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School leaders' petition on Covid costs passes 14,000 signatures

A petition calling for the government to reimburse schools for the costs they have incurred due to Covid-19 has passed 14,000 signatures in just one week, meaning the government must formally respond.

This comes as Ofsted’s Autumn term reports warn that leaders across education and social care are concerned over budgets.

Schools have faced unanticipated additional costs this year due to Covid-19. They have had to find extra money from already tight budgets for all the measures the government has required them to take to keep children safe, including additional cleaning costs, extra hand washing stations and hand sanitiser, ventilation systems in classrooms, the provision of PPE including face coverings, and the costs associated with setting up remote learning for pupils at home.

These measures are all mandatory, but the government has not given schools any additional funding or reimbursement to cover the costs incurred since September.

Schools are also facing huge supply staff costs as they are forced to hire temporary staff to provide cover to keep schools open as teachers get sick, have to wait for covid test results, or self-isolate due to extreme vulnerability.

A recent NAHT survey found that, in just the first few weeks of term, schools spent an average £8,017 implementing the safety measures required by government guidance.

Jim Nicholson, head teacher of Mellor Primary School in Stockport, who started the petition, said: “None of these costs are optional for schools. They have all been required of us by government – and indeed, are necessary to keep children and staff safe during this pandemic. We can’t understand why the government hasn’t stepped in to help schools with the financial impact of lockdown the way they have with other businesses.

“Schools’ budgets were set before the outbreak Covid-19 and were already as tight as they could possibly be. The costs we’re now facing are totally unanticipated – we couldn’t have imagined these measures would suddenly be necessary.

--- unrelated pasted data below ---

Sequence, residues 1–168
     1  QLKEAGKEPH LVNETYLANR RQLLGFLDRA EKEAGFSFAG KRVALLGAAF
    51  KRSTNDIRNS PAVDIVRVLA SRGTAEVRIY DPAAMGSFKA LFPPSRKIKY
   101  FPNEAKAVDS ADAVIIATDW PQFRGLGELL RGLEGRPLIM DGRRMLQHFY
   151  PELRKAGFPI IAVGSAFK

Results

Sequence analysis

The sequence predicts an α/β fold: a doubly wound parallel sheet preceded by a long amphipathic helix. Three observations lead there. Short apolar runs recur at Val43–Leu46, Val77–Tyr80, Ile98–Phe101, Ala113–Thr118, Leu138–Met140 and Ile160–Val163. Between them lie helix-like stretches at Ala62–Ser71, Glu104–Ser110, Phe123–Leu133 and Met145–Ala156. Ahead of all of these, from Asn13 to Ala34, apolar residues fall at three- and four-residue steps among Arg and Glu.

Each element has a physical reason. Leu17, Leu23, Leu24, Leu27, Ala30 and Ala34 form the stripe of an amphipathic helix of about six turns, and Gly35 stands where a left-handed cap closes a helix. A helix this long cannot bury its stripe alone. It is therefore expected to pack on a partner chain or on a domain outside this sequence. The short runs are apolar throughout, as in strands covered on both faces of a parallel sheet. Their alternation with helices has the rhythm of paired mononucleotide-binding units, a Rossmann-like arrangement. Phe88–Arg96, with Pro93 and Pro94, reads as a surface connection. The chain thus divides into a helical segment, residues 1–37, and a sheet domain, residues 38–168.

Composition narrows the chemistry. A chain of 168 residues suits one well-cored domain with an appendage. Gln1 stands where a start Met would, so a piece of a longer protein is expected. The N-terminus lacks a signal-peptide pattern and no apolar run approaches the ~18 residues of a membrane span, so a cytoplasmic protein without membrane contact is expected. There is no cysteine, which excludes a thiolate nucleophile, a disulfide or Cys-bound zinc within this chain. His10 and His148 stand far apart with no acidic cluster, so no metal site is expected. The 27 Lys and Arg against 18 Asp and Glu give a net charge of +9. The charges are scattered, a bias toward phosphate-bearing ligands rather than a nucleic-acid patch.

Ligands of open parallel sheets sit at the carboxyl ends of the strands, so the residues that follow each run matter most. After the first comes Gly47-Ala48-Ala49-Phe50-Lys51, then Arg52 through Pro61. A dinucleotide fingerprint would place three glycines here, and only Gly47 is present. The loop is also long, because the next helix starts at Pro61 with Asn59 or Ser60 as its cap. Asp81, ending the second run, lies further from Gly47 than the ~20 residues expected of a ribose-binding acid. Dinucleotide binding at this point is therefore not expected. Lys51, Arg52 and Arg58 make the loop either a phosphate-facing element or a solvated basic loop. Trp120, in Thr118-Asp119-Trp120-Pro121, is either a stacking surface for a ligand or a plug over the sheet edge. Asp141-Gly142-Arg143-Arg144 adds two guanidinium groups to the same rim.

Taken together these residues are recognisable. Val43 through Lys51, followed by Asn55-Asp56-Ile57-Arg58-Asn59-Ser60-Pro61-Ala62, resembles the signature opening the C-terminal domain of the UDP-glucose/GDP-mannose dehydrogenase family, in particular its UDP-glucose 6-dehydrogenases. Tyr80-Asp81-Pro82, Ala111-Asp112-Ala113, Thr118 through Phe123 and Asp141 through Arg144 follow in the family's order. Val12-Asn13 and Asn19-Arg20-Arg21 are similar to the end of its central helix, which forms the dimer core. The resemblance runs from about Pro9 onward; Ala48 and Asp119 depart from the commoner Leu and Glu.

“The worry is that every pound we are now having to divert to pay for safety measures and the costs of just keeping schools open is a pound we can’t spend on pupils’ education and wellbeing. Just as children really need every possible boost to make up for the disruption they’ve faced this year, they are being short-changed by the government.”

The petition calls for government to “fully fund schools for Covid-19 costs and provide relief for loss of income.” It also points out that, in a double whammy of financial hardship, schools have simultaneously lost income this year as they have been unable to let premises as they usually would.

The same NAHT survey found that schools lost an average £9,755 in income in the first few weeks of term, on top of an average £15,915 over the summer.

Mr Nicholson continued: “Schools have lost income this year which in many cases we rely on for sustainability. Wrap around care and school lettings are such facilities that have been affected. In my own small school, our staffing cost increase has been several thousand pounds already (approximately £9,000) and our costs for soap, hand sanitiser and paper towels has increased six fold, in the same time scale for the first half term compared to autumn 2019-20. We have also lost approximately £29,000 in income streams. These costs and losses are unsustainable without additional financial support.”

James Bowen, director of school leaders’ union NAHT, said: “School budgets were already incredibly tight. The government’s refusal to recognise the financial difficulties schools are now facing due to Covid-19 means that not only is money being taken away from children’s education and wellbeing, it could push some schools over the edge financially.”

The petition remains open and continues to gain signatures at a rapid rate.

Press and Media contacts:

Steven George
NAHT Head of Press and Media
01444 472886
07970 907730

Rose Tremlett 
Senior Press Officer 
07545 354363

Email : press.office@naht.org.uk